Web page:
ABSTRACT. Spores of Nosema bombycis Y9101, isolated from the beet armyworm, Spodoptera exigua, were primed with an alkaline solution and inoculated into Antheraea eucalypti cell cultures. Infected cells were subcultured every five days at three cell densities (2.5 × 103, 5.0 × 103, and 1.0 × 104 cells/cm2). A difference was observed in the spread of N. bombycis Y9101 infection between low‐density and higher‐density cultures of host cells. The host cell density did not affect the productivity of secondary infective forms of the parasite. The principal factor determining the rate of microsporidian infection in vitro was the number of host cells existing within the reach of extruded short‐coiled polar tubes from spores germinated intracellularly.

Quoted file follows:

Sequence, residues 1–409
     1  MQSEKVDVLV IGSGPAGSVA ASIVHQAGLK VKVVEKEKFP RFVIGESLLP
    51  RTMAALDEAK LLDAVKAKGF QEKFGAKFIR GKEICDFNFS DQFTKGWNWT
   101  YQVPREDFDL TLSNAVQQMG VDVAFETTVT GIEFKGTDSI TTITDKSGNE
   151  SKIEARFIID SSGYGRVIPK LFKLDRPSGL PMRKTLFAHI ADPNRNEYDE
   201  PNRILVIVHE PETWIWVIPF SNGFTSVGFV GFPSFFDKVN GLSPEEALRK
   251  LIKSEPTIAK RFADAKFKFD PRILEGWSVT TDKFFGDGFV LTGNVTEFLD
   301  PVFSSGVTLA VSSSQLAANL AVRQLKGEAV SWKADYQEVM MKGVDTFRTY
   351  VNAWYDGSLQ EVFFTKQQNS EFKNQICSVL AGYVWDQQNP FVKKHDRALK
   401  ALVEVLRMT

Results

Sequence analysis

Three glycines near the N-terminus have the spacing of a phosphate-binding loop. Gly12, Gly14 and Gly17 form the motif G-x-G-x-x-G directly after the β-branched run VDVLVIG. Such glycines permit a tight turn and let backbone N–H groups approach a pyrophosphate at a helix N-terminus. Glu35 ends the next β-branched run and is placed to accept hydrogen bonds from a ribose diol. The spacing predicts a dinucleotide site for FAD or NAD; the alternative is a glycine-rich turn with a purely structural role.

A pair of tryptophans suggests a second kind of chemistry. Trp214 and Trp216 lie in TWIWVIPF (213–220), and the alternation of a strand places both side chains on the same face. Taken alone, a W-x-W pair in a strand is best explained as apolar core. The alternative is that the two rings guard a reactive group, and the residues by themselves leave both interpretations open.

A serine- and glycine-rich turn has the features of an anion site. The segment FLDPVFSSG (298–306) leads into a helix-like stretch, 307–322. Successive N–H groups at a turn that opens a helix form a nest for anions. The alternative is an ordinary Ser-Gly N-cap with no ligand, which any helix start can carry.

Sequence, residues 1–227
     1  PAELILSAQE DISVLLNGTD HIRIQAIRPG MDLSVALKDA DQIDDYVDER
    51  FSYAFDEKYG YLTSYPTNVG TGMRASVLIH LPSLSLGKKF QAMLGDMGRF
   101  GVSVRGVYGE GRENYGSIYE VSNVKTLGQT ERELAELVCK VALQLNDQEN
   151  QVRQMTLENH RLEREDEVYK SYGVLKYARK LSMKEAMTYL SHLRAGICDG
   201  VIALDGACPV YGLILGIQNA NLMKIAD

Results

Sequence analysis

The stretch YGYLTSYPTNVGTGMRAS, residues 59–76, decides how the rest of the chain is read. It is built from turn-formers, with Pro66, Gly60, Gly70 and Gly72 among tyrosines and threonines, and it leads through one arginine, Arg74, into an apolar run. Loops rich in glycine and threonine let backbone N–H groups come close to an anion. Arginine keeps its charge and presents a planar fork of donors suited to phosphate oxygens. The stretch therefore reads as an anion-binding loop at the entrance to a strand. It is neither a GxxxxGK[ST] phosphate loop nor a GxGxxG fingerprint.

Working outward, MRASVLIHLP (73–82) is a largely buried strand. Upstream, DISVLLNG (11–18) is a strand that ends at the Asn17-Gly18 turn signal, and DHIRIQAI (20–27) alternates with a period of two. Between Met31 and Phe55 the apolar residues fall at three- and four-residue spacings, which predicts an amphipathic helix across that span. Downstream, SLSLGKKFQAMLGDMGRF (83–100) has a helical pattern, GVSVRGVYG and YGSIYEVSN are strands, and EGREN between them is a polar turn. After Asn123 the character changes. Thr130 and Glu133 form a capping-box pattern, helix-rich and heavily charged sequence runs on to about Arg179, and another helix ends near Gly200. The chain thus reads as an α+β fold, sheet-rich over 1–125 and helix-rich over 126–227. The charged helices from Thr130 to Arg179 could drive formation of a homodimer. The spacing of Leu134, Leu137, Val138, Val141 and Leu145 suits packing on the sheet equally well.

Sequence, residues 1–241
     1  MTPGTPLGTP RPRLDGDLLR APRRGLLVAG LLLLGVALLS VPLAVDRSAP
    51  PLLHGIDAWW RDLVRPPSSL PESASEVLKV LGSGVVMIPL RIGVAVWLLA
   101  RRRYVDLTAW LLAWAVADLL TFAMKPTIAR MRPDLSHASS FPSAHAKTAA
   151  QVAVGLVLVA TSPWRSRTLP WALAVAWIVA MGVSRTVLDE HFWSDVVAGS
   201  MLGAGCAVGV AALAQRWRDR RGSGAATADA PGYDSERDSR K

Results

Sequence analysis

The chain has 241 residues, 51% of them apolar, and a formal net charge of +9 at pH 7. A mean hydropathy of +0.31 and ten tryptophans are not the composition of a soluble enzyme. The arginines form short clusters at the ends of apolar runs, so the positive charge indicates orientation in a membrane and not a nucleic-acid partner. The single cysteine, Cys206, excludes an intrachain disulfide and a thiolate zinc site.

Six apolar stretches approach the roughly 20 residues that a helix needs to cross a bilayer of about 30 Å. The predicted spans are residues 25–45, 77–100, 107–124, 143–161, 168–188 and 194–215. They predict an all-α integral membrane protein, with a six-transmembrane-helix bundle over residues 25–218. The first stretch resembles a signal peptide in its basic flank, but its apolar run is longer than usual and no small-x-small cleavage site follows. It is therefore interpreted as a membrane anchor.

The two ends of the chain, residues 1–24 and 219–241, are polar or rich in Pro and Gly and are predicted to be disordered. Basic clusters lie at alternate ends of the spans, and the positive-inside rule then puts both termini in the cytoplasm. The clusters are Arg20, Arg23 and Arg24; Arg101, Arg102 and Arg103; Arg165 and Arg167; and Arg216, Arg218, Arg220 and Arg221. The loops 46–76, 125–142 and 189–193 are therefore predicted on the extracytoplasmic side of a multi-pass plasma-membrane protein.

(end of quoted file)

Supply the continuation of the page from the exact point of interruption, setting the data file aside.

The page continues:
|Number of pages
|Journal of Eukaryotic Microbiology
|Published - Mar 1994
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